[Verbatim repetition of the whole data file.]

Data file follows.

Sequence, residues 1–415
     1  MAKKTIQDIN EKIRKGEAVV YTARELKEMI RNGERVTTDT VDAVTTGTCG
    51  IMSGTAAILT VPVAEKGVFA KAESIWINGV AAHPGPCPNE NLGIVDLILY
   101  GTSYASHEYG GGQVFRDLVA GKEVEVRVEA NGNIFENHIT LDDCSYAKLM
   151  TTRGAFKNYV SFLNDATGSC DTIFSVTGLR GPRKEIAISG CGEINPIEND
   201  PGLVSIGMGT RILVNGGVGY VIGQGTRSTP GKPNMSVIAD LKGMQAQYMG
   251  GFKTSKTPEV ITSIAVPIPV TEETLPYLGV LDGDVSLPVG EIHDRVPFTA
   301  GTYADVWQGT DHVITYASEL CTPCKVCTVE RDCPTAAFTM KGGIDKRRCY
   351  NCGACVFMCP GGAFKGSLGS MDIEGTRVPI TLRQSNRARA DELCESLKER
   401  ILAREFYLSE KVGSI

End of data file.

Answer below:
Sequence, residues 1–415
     1  MAKKTIQDIN EKIRKGEAVV YTARELKEMI RNGERVTTDT VDAVTTGTCG
    51  IMSGTAAILT VPVAEKGVFA KAESIWINGV AAHPGPCPNE NLGIVDLILY
   101  GTSYASHEYG GGQVFRDLVA GKEVEVRVEA NGNIFENHIT LDDCSYAKLM
   151  TTRGAFKNYV SFLNDATGSC DTIFSVTGLR GPRKEIAISG CGEINPIEND
   201  PGLVSIGMGT RILVNGGVGY VIGQGTRSTP GKPNMSVIAD LKGMQAQYMG
   251  GFKTSKTPEV ITSIAVPIPV TEETLPYLGV LDGDVSLPVG EIHDRVPFTA
   301  GTYADVWQGT DHVITYASEL CTPCKVCTVE RDCPTAAFTM KGGIDKRRCY
   351  NCGACVFMCP GGAFKGSLGS MDIEGTRVPI TLRQSNRARA DELCESLKER
   401  ILAREFYLSE KVGSI